Latin America banking: HSBC fights back in Brazil
HSBC wants to triple both onshore and offshore revenues, profits and ebitda in Brazil within five years.
Brazil’s growth might be continuing to disappoint but HSBC is pressing ahead with ambitious plans for its comeback in the country.
HSBC sold its corporate and wholesale banking operations as part the sale of its full Brazil business to Bradesco in 2016.
The global bank immediately opened a new Faria Lima-adjacent office in São Paulo to support the international business for Brazilian clients – a non-compete clause prevented HSBC doing any Brazilian-based business until December last year.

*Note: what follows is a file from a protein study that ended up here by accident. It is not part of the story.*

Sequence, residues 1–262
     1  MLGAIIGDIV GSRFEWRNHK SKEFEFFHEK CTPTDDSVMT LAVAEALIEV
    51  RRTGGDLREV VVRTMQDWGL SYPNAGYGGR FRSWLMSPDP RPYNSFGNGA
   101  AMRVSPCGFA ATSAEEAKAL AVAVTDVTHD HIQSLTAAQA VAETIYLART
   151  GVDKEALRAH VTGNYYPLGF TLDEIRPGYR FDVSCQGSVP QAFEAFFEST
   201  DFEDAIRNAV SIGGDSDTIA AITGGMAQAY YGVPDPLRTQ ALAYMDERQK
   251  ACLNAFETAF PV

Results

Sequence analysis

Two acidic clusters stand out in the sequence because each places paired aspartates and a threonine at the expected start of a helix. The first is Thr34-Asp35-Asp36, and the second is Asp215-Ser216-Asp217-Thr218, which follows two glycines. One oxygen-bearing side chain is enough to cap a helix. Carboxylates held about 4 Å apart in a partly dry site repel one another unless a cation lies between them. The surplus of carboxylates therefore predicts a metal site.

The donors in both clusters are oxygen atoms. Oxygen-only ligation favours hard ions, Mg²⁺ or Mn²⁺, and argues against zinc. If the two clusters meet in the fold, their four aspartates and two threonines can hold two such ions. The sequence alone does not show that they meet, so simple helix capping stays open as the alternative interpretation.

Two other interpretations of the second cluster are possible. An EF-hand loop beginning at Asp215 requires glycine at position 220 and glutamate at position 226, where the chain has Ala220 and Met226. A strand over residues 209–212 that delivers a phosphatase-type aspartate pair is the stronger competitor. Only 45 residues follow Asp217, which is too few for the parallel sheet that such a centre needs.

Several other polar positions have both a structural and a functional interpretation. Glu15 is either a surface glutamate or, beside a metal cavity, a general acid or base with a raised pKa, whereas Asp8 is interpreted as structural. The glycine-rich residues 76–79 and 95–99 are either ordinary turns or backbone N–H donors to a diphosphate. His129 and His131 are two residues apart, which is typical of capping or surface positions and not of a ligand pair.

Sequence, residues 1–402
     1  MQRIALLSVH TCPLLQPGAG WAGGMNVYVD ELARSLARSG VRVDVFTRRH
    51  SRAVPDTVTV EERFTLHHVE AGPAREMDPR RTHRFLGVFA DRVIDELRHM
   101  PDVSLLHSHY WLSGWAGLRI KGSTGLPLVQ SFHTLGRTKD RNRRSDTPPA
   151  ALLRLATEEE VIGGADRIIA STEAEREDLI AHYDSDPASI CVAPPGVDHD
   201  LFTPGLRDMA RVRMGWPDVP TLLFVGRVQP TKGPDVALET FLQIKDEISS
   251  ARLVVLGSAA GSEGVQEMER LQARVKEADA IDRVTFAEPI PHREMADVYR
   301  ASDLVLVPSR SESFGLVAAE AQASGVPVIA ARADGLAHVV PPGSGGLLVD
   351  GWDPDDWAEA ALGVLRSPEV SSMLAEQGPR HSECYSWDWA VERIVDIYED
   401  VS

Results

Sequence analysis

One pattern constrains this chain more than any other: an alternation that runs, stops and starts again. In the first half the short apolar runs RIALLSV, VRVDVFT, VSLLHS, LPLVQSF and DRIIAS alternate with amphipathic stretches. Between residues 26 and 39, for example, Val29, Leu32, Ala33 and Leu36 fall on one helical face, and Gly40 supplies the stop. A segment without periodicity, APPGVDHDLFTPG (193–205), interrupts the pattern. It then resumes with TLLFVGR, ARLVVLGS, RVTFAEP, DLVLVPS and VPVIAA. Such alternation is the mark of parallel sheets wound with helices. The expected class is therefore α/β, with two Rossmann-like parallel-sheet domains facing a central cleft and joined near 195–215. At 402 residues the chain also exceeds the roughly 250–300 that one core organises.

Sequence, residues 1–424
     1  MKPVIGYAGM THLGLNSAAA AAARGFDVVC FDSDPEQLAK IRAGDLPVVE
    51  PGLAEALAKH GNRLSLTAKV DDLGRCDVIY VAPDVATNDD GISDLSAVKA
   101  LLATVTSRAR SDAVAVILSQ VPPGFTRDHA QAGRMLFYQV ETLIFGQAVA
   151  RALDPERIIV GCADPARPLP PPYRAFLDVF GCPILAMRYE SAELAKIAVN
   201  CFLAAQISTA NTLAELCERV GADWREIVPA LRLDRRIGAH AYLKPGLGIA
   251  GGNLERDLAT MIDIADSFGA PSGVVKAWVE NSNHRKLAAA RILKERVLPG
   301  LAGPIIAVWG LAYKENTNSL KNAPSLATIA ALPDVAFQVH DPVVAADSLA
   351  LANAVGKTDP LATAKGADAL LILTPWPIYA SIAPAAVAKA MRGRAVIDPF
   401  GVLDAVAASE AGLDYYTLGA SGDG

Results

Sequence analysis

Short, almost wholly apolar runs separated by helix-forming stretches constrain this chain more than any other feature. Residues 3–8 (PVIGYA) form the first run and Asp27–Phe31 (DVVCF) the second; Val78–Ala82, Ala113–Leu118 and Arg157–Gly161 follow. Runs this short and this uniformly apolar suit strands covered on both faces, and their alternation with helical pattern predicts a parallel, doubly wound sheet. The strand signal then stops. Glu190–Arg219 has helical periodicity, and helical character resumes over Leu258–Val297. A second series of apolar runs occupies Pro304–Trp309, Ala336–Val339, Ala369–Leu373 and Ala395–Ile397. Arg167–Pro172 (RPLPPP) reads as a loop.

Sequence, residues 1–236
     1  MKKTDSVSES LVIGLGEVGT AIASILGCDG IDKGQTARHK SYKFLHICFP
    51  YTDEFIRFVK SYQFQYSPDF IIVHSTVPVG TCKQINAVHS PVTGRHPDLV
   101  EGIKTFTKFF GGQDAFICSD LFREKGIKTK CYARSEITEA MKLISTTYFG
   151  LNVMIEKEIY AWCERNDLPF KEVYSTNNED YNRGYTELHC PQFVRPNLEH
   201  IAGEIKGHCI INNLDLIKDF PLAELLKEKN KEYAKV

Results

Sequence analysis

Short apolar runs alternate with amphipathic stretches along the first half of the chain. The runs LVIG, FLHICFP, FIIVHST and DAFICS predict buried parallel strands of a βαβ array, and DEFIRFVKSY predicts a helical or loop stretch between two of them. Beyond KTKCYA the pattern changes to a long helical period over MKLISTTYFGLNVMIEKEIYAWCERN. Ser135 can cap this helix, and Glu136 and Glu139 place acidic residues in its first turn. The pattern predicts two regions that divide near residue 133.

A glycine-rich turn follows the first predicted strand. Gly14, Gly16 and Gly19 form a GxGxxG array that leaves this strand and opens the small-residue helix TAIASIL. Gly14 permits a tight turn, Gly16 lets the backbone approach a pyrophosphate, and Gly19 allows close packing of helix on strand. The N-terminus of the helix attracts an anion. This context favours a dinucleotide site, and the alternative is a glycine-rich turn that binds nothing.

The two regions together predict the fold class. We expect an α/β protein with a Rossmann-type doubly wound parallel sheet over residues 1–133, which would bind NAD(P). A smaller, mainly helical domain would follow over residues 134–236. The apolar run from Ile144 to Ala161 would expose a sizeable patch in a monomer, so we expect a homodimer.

“We retained our banking licence and we opened an office to service the international business of a client list of around 150,” says Alexandre Guião, president of HSBC Brazil, who has been with the bank in Brazil for 10 years since joining from Citi.
The bank opened with 45 employees – a mix of front-, middle- and back-office staff.
“Focus was to do international deals,” says Guião. “Even flow side had to be linked to international transactions. We could only do the FX and derivatives trades that were linked to an international financing deal.”
The expiration of that clause coincided with Jair Bolsonaro winning the Brazilian presidency, which – through his appointment of BTG Pactual co-founder Paulo Guedes as economy minister – buoyed bankers’ hopes for greater economic growth and financial markets activity.